OK, I think this may be more about getting started with Objective-C than with OpenEars specifically, and I can unfortunately only provide a very limited amount of help with general programming questions here since support time and resources are limited. But, I can see if I can help a bit in this question to get you on the right track while you can look into more general programming sites in order to connect with people who can help with getting started.
A few things that would help:
• it’s always very important to provide some specific information about what happened when things didn’t work correctly. So, in order to get good help with bugs and glitches, it’s really important to show the full errors you receive or to very specifically describe the bugs and the glitches, or there isn’t any way to give help from the other side.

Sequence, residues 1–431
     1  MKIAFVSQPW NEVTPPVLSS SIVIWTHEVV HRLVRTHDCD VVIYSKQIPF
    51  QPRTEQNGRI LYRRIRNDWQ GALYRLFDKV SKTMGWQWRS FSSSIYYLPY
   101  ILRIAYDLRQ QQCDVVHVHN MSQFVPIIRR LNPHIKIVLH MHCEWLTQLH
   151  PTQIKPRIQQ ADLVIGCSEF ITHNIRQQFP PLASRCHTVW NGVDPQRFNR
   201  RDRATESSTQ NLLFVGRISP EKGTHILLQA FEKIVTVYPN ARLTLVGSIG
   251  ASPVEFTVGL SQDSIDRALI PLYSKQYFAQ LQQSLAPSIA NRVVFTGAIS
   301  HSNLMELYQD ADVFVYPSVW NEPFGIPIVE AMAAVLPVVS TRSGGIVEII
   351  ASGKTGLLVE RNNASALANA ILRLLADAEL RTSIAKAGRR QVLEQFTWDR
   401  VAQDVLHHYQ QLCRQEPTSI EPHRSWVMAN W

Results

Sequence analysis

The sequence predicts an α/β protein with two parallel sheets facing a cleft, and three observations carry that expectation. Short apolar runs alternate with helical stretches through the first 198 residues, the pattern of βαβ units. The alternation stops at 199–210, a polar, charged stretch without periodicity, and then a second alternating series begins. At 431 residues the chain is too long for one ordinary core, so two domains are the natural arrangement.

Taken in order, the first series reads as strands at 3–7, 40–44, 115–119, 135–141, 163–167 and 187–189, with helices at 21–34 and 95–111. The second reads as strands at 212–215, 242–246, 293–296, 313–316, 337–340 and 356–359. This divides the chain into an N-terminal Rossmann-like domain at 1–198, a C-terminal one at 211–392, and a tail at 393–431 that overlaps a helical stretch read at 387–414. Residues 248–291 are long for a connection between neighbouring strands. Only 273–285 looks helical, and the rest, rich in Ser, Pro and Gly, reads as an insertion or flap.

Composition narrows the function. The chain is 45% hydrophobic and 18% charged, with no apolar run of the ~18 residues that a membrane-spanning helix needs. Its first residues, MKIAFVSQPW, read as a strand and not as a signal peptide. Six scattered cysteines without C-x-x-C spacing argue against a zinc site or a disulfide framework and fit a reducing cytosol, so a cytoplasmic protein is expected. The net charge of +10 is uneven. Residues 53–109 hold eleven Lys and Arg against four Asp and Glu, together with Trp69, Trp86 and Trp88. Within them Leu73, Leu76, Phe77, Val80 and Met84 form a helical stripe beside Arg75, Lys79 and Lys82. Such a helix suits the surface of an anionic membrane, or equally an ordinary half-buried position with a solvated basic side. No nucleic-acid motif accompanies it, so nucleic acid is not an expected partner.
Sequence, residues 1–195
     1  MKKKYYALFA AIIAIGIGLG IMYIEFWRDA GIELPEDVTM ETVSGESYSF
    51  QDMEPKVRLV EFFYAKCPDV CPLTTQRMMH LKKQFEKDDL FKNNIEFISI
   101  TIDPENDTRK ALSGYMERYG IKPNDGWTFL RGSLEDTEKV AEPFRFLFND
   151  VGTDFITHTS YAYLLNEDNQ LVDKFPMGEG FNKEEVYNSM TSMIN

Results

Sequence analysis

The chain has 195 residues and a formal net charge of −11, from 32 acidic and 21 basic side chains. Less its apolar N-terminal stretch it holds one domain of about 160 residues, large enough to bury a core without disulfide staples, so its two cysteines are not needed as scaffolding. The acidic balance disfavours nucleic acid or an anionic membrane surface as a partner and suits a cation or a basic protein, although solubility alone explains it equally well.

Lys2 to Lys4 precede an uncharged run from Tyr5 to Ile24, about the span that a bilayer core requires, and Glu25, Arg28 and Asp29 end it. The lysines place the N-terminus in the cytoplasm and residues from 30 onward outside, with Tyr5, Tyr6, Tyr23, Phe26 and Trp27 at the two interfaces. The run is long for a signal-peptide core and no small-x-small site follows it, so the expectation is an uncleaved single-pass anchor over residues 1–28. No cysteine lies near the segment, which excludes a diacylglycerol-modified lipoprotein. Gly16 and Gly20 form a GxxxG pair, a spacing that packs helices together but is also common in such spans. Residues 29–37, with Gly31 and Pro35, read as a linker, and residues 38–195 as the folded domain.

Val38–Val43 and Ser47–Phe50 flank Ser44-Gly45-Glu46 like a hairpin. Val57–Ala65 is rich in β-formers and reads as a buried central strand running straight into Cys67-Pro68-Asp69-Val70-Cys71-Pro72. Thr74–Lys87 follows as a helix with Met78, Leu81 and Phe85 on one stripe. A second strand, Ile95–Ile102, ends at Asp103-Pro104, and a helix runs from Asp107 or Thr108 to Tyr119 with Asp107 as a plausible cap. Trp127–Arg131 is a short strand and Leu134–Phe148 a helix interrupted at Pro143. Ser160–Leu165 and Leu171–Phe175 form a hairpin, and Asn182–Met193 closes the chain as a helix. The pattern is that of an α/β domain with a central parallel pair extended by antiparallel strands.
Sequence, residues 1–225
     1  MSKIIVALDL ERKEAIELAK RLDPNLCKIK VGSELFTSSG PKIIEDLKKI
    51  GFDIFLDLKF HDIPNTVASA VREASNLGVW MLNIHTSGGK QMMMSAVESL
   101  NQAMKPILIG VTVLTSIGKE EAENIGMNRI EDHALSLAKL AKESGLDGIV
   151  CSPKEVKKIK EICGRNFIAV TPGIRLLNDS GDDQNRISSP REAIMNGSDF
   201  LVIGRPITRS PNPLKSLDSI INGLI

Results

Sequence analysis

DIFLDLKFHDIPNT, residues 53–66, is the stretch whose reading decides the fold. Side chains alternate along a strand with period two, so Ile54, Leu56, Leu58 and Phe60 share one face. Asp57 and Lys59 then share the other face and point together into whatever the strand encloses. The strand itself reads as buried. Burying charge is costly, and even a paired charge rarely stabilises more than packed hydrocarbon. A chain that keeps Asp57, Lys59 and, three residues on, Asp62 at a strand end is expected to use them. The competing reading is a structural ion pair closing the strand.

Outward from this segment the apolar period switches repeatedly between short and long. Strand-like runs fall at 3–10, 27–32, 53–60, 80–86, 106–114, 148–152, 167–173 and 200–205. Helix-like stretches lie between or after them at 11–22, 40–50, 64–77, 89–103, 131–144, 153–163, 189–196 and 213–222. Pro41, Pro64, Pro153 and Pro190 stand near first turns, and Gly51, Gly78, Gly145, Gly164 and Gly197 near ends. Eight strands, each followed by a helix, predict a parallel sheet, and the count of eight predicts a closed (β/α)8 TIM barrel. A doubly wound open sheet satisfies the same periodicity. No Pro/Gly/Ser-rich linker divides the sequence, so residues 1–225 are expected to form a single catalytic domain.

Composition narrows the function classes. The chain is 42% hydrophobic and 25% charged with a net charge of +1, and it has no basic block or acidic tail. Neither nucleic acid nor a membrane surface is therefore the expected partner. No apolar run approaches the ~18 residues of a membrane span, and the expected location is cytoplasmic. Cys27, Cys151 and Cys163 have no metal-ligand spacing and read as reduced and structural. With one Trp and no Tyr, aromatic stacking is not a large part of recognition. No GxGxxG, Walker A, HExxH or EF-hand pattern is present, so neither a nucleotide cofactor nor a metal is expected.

• in C, which includes the C aspects of Objective-C, this kind of equal sign is for assignment (giving variables new values): “=” and this kind of equal sign is for equality (comparing values as you have done above): “==”. You can’t use a single equal sign to see if two values are the same. That will instead assign a new value and will always evaluate as true in an if statement. To see if two values are the same you have to compare them with “==”.
• But more importantly, in Objective-C, NSStrings are not compared with each other with “==” in order to see if they have the same characters in them because they are pointers to objects and not primitive types like a single char or int value that could be compared with “==”. There is a method of NSString called isEqualToString: which performs this comparison check and returns a BOOL that is true or false, so that is what has to be used in order to check if your NSString is the same as some other NSString.
There are examples of doing exactly this kind of comparison in the sample app that ships with OpenEars, so check it out and you can see many different kinds of processes that are part of a speech recognition app.